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Climate Change Adaptation and Food Insecurity in Maradi District - Niger

MOUSSA NA ABOU Mamouda, Cheikh DIOP (2010), Climate Change Adaptation and Food Insecurity in Maradi District - Niger, ICID+18, August 16-20, 2010, Fortaleza - Ceará, Brazil : 18p.

Résumé (par le Hub Rural) :

Les petits fermiers des pays en développement qui souffrent de la faim durant de longues périodes ont des difficultés à s’adapter au changement climatique. Ainsi l’insécurité alimentaire est-elle le premier frein à l’adoption de pratiques d’adaptation par les petits agriculteurs. C’est ce que nous montre cette étude sur le district de Maradi au Niger.

Résumé (par les auteurs) :

In Maradi district (Niger), more than 80% of the population is composed of farmers practicing a rain fed agriculture. However, because of climate variability and changes, rainfall has become uncertain, either coming too early, too late, too much or too little. On the other hand, seasons are becoming shorter and annual temperatures more extreme. During previous field visit and survey in January 2007 among Maradi district communities (Tibiri, Maradawa and Gabi), an alarming report stated the following : over 50% of interviewed farmers said that they entirely consume their harvest just after three months ! During the remaining nine months in the year and before the next harvest, these communities used to develop small irrigation and income generating activities from fruit and vegetables they produced. But, because of climate variability and change, these farmers are facing a tremendous challenge in fetching surface and ground water for irrigation. As a result, any adaptation strategy via irrigation became so costly (mainly because of high oil prices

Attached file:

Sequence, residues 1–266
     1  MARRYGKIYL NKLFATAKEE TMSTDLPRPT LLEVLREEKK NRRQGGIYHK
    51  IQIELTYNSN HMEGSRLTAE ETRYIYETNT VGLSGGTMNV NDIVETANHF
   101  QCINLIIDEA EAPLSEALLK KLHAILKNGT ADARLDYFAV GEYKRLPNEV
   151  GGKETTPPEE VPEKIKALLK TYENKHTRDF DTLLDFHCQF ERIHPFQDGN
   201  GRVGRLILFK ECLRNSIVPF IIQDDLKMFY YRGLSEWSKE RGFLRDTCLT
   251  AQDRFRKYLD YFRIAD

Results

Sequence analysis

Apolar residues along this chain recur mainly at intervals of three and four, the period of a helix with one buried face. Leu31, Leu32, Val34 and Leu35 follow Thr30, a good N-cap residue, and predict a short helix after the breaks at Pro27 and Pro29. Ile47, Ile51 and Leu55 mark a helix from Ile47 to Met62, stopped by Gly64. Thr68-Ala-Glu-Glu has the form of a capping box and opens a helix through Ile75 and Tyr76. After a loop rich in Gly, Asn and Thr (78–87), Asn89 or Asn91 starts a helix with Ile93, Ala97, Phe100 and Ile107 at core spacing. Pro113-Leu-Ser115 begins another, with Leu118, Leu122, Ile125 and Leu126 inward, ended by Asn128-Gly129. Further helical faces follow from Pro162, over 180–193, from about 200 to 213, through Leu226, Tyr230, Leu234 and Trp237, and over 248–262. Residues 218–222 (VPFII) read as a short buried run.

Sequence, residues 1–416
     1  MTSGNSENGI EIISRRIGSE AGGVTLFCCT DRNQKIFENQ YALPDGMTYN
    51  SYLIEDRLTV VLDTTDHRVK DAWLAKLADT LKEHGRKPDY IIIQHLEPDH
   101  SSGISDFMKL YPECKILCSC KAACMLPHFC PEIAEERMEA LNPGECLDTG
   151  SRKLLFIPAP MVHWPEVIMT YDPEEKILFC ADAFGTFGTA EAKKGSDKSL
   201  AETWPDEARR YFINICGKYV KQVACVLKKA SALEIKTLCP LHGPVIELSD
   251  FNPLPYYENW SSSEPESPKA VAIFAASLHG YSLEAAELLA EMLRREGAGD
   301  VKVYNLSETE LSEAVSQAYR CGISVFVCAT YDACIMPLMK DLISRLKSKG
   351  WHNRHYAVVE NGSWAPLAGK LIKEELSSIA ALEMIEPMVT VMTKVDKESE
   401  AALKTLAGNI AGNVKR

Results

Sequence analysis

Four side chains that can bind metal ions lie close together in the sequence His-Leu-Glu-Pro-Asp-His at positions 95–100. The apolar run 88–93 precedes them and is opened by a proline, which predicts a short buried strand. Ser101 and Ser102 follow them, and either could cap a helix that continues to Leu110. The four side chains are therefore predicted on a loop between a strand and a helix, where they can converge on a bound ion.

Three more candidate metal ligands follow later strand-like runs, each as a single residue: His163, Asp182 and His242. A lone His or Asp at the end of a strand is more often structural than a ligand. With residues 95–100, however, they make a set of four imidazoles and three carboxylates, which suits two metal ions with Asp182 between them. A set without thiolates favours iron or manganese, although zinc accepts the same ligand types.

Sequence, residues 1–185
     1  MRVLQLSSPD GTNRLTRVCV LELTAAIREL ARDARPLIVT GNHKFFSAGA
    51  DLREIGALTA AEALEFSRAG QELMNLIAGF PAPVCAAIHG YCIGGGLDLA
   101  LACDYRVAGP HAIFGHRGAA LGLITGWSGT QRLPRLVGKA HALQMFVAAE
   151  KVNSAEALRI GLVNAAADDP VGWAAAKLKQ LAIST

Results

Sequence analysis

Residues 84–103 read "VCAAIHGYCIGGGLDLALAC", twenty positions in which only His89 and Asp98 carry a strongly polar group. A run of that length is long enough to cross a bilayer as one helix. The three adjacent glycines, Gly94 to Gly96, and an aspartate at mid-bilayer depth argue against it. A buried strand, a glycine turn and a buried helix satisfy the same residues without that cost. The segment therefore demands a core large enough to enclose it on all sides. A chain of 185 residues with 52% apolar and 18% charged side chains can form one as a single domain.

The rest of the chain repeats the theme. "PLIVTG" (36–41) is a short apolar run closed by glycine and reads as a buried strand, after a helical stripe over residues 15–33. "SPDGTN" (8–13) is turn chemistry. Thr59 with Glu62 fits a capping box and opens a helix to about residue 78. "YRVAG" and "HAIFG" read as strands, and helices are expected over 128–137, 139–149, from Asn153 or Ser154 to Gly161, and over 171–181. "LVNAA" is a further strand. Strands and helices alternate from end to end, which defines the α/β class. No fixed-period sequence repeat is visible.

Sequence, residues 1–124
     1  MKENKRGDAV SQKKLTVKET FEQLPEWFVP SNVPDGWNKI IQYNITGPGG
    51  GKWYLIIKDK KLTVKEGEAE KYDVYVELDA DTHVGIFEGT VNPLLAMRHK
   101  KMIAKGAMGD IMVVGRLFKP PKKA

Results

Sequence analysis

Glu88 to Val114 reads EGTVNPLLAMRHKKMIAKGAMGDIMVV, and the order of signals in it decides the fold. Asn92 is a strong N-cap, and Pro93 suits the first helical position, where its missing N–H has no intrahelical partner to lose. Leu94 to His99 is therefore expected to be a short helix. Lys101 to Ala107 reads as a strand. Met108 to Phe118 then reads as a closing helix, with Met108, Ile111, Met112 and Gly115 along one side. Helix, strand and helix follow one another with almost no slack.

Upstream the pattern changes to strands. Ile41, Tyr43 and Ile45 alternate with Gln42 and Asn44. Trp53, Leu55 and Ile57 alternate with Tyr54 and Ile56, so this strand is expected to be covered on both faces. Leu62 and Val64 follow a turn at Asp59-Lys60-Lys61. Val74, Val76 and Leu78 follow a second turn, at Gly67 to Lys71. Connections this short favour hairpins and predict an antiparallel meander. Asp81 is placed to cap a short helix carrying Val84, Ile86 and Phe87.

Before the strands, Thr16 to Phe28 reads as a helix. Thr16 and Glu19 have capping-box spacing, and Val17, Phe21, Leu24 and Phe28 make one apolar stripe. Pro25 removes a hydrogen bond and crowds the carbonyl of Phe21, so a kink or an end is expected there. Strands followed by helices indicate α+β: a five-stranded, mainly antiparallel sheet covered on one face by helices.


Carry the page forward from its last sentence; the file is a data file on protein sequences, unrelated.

and difficult access to energy services) that it is out of many small farmers’ reach. In order to ensure their food security, these communities generally settle for some coping mechanisms including social networking, solidarity and alternative livelihoods, small-scale irrigation or migration. However, irrigation has become less productive because of water carcity and higher minimum.

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Crédits: AK-Project